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Old 10-01-2021, 20:34   #31
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Re: Do You Count

Quote:
Originally Posted by JoeRobertJr View Post
Another important measure of sailing experience is number of meaningful CF posts.
Edit to improve accuracy...

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Old 17-01-2021, 14:43   #32
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Re: Do You Count

well that killed the thread
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Old 25-01-2021, 09:06   #33
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Re: Do You Count

I've kept a simple ledger book log for over 20 yrs.
Date time and engine hours for starting / ending trips. Comments. Also add maintenance items. Over 2000 hrs logged. Seems like an important part of any vessel operation.
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Old 25-01-2021, 09:48   #34
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Re: Do You Count

I keep track in my daily journal/log book.
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Old 25-01-2021, 10:05   #35
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Re: Do You Count

My log records, one record per trip (trip = boat moving more than an hour):

Date , Vessel, Route ,Hours Underway, Miles, Crew, Spd Kt, Start Time, End Time, Max Winds, Engine Hours Ending, Odometer(GPS) , Notes

For multi-day passages, I have a noon report, which includes the above, plus crew condition, detailed wind conditions, and position.

I use google sheets, and then a paper journal if not near civilization

And the only time I've ever used this data is to support insurance purchasing...
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Old 25-01-2021, 11:03   #36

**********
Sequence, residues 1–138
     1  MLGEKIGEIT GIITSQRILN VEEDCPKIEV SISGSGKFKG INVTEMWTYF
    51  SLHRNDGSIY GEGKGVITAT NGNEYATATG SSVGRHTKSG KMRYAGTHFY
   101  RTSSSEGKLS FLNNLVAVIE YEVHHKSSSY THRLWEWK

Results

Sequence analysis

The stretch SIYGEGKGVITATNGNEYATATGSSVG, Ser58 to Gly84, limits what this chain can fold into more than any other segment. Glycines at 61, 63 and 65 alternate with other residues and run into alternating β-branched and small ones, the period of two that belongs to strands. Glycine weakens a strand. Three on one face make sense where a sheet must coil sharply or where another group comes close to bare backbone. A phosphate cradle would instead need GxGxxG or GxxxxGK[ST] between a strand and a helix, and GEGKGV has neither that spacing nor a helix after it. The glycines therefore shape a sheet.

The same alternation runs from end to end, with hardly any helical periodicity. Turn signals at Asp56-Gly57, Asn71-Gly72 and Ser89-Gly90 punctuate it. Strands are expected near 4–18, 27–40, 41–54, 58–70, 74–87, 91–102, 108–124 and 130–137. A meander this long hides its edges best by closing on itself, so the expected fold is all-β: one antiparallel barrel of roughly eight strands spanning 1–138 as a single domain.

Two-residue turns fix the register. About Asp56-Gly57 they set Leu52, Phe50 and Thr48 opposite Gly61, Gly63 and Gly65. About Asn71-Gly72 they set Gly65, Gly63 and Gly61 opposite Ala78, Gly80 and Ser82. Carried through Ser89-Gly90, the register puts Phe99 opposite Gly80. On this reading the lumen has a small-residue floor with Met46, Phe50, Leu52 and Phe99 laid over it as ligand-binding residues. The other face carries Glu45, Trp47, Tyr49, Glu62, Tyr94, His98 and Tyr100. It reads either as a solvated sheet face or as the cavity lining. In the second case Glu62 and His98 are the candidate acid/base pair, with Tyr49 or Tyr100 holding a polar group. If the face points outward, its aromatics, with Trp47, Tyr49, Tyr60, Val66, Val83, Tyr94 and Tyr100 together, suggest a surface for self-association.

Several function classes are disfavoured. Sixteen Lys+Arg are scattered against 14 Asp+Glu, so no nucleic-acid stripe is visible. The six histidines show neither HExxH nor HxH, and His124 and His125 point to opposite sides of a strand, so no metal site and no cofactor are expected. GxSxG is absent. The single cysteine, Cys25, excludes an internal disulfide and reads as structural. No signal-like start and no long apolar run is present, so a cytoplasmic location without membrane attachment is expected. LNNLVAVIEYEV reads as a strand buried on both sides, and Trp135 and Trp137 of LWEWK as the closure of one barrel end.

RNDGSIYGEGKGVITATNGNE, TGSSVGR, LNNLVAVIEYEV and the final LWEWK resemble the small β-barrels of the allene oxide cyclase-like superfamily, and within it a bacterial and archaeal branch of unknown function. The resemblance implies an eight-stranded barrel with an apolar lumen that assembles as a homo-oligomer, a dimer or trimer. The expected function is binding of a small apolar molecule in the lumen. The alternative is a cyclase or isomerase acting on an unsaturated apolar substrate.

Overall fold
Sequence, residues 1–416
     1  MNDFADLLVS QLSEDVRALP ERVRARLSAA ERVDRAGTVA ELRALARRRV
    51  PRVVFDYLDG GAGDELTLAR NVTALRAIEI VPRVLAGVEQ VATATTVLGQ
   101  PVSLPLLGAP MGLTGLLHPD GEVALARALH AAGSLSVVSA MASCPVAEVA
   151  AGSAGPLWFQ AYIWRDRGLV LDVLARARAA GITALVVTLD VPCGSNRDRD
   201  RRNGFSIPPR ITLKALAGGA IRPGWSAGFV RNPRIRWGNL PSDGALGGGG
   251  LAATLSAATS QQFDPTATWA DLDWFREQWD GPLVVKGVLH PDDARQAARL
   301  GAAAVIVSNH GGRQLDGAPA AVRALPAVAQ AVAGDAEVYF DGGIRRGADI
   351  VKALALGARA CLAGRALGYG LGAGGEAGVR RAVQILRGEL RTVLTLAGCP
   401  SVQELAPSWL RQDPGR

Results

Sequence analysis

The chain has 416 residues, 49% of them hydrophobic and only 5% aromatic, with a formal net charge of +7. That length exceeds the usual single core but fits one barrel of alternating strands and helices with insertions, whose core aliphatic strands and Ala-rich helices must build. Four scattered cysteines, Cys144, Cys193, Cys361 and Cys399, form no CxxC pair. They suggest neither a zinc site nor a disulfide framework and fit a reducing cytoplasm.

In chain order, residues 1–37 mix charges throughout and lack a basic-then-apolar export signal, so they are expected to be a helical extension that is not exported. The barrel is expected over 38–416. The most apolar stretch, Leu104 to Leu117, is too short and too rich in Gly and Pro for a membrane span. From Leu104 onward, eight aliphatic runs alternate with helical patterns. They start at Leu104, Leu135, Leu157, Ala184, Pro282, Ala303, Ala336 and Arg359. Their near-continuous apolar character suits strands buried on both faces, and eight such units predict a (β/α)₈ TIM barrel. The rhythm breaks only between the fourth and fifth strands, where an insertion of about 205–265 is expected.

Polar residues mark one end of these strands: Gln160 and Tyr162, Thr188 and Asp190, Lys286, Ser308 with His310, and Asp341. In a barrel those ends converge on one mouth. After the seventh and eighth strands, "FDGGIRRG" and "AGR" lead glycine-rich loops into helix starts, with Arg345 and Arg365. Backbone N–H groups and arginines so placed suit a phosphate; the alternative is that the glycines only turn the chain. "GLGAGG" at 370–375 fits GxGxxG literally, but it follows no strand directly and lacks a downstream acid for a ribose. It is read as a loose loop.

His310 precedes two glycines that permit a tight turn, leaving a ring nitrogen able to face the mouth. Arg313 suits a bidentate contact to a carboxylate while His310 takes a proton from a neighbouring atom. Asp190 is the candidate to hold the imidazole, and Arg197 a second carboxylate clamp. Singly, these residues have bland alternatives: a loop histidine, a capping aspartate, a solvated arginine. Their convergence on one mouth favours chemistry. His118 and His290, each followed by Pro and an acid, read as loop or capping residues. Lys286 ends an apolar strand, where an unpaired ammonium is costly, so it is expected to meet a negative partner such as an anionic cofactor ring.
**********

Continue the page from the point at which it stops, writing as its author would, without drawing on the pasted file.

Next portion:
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Re: Do You Count

I'm licensed so I need 360 days at sea every five years to renew. That's 72 days per year and here on the Great Lakes that ain't easy. The commercial boats I run aren't on a regular schedule so I don't get a lot of days there, and due to the virus we didn't work at all in 2020. . I need every day I can get so yes, I keep track.
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Old 25-01-2021, 12:30   #37
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Re: Do You Count

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Do you count the number of days you sail, the miles, days at anchor etc.? I read lots of post with "I did "X" number of ........".

I don't count. Yes I write down engine hours and dates etc in the maintenance log. I have a sail log with dates and where we went etc but no miles in it. I could if pressed go through that log for underway days, but I don't have a running total. Counting etc just doesn't matter to me to know.
I started jotting down each sail, date, crew, miles sailed, wind and sea conditions, etc. when my son told me was shooting for 40 days skiing (he is in Colorado)...I figured I would see how many days on the water I had (short season on Lake Michigan).

I think due to Covid, I beat him this year...

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Old 25-01-2021, 12:54   #38
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Re: Do You Count

I gave up the practice about 15 years ago when an ex “lost” my prized logbook overboard.

I no longer prefer to spend time doing a log. It’s a very busy life and you only get so many hours.

I do, however, always transfer my course and waypoints to paper every day just in case.
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Old 25-01-2021, 13:37   #39
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Re: Do You Count

I have traveled to the same office in a large downtown city for 23 years. About 15 years ago I found a phone app that tracks your distance and time. Surprisingly, it identified that the no stoplight but high traffic route that I had used for years was several minutes slower than the slow route with many traffic lights. This has saved me about 25 hours of commuting per year.

I can see where detailed logging would make a difference if you were making the same passage over and over again but otherwise it's probably unnecessary overkill.